Aspirin ‘could help immune system fight cancer’

    4 September 2015

    Researchers at the Francis Crick Institute have made a discovery that they say could boost the power of immunotherapy treatments, which are designed to improve the body’s capacity to fight cancer.

    Professor Reis e Sousa looked more closely at the chemical signal prostaglandin E2, which has the ability to put a particular type of immune cell ‘to sleep’. This safety mechanism prevents the immune system from overreacting to threats. The researchers say that its ability to suppress cell activity makes prostaglandin E2 ‘an important player in cancer’.

    The molecular machines which produce it — cyclo-oxygenase 1 and 2 — are unusually prevalent in breast, lung and bowel cancer patients. The researchers investigated the possibility that prostaglandin E2, or the cells that produce it, could be possible targets for treating cancer.

    By identifying the chemical signal in cancerous skin call samples, and then ‘editing out’ the cyclo-oxygenase genes in the melanoma cells, they removed the cell’s ability to create prostaglandin E2. As a result the cancer cells lost their ability to suppress the immune system response.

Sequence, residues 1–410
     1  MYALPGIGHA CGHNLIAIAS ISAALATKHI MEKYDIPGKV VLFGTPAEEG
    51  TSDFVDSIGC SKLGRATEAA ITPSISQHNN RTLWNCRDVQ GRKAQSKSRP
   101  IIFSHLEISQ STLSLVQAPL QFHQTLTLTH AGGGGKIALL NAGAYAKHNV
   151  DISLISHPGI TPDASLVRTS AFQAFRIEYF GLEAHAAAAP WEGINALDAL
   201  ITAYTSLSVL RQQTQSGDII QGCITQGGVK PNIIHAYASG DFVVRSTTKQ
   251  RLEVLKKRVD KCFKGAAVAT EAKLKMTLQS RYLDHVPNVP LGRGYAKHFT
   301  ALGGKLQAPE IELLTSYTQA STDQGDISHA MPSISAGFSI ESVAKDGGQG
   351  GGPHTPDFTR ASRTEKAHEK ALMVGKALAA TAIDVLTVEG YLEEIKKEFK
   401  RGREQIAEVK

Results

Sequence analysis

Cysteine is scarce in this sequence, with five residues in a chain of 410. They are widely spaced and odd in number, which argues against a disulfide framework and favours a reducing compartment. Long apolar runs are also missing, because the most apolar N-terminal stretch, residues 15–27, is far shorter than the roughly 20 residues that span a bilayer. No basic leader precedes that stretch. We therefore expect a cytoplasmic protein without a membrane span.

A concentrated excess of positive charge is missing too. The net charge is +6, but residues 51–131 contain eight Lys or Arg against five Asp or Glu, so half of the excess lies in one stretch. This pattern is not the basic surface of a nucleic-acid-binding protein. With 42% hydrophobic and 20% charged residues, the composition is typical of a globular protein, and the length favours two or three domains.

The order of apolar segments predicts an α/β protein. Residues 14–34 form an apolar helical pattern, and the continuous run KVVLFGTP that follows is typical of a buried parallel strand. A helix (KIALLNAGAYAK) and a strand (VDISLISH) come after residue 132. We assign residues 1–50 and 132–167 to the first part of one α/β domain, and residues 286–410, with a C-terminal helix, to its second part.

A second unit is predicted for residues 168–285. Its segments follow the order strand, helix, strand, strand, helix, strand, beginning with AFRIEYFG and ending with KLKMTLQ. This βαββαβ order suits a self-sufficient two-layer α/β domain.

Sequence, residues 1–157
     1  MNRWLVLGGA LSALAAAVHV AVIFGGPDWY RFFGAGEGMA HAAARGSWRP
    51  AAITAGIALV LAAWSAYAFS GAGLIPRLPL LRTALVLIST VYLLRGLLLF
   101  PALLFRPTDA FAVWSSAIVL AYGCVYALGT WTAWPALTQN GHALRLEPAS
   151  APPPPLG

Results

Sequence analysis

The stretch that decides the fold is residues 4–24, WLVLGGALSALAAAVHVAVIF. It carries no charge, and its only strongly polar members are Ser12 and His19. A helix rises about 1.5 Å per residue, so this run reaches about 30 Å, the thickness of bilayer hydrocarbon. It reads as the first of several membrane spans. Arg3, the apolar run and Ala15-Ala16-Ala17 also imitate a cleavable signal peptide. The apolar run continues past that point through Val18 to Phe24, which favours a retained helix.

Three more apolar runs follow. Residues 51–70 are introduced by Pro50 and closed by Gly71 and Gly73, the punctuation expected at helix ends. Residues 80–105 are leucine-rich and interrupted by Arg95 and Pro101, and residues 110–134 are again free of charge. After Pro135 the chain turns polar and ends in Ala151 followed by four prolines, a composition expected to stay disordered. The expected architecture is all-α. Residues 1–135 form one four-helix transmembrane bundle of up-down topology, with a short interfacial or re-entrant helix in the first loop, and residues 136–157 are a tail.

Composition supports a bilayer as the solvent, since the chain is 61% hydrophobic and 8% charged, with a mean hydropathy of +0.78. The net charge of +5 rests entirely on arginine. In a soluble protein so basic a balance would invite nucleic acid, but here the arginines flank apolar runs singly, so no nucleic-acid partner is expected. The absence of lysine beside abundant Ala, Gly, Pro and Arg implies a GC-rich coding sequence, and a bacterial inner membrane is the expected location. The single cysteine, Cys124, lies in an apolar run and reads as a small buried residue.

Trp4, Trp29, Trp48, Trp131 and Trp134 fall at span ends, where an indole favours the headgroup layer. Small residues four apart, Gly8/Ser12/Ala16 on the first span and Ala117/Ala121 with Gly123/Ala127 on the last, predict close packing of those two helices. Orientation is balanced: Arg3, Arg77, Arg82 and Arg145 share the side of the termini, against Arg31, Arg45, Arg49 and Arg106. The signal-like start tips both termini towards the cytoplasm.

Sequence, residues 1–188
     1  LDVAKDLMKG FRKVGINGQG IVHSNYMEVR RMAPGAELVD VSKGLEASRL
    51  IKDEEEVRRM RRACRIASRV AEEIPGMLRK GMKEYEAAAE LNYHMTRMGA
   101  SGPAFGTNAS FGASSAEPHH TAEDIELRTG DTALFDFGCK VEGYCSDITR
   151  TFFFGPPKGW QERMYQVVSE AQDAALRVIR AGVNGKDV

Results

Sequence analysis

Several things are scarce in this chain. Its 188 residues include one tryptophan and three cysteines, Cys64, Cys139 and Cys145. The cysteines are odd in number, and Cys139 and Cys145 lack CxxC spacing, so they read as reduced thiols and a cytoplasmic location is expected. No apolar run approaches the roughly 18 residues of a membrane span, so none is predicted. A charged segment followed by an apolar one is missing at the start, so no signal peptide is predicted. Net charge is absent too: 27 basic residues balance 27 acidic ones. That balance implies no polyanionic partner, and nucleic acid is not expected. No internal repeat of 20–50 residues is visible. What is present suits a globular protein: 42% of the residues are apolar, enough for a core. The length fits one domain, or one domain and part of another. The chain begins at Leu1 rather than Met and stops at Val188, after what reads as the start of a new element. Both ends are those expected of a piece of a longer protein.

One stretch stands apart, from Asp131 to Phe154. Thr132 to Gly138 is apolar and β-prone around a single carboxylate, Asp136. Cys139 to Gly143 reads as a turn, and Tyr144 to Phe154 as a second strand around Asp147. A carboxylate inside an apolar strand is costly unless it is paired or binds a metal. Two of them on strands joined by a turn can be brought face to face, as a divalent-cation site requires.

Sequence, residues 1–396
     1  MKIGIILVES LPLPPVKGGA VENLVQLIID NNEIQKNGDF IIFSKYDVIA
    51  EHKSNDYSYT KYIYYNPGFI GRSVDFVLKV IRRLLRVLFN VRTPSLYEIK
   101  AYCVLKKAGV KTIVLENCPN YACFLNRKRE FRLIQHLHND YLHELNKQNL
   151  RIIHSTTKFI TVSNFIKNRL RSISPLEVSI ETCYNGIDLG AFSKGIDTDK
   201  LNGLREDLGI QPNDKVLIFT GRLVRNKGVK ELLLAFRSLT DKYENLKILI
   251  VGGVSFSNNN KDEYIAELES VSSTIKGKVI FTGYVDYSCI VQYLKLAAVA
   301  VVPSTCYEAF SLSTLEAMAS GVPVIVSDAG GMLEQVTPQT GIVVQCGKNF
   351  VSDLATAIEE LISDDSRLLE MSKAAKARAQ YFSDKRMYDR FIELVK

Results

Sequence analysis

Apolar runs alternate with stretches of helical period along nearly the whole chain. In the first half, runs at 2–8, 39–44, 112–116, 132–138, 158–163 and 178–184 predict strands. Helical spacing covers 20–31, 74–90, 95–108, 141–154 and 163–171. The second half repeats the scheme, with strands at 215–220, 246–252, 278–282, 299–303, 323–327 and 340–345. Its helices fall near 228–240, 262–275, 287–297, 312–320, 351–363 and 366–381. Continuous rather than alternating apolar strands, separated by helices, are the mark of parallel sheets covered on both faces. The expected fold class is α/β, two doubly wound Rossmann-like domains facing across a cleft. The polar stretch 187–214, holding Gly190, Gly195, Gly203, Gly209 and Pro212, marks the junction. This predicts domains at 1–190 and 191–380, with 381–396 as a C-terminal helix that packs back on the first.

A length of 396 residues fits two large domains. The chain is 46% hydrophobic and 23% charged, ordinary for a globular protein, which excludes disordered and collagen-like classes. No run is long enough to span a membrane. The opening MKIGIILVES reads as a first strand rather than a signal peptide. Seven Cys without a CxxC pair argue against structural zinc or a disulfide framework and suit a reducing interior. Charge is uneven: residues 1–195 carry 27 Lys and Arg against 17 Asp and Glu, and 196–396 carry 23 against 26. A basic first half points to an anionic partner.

Aspirin works by targeting these genes. Trials on mice by Professor Reis e Sousa have shown that test subjects treated with aspirin, alongside a new class of immunotherapy treatment known as a checkpoint inhibitor, were cured much more quickly than those receiving immunotherapy alone.

    The researchers claim that following their experiments, the subject mice became ‘cancer-proof’, and were able to recognise and eliminate the same type of cancer cells months after the tests.

    Even more excitingly, the animals became ‘cancer-proof’: they developed a strong immune ‘memory’, and their immune cells recognised and immediately destroyed the same type of cancer cells, even months after the first experiment.

    Despite these encouraging results, Cancer Research urges caution.

    ‘Although aspirin might seem like a commonplace ‘harmless’ drug, it can have serious side effects in some people, including strokes and internal bleeding. If you’re considering taking aspirin alongside cancer treatment, or on a regular basis, you should talk to your doctor first.’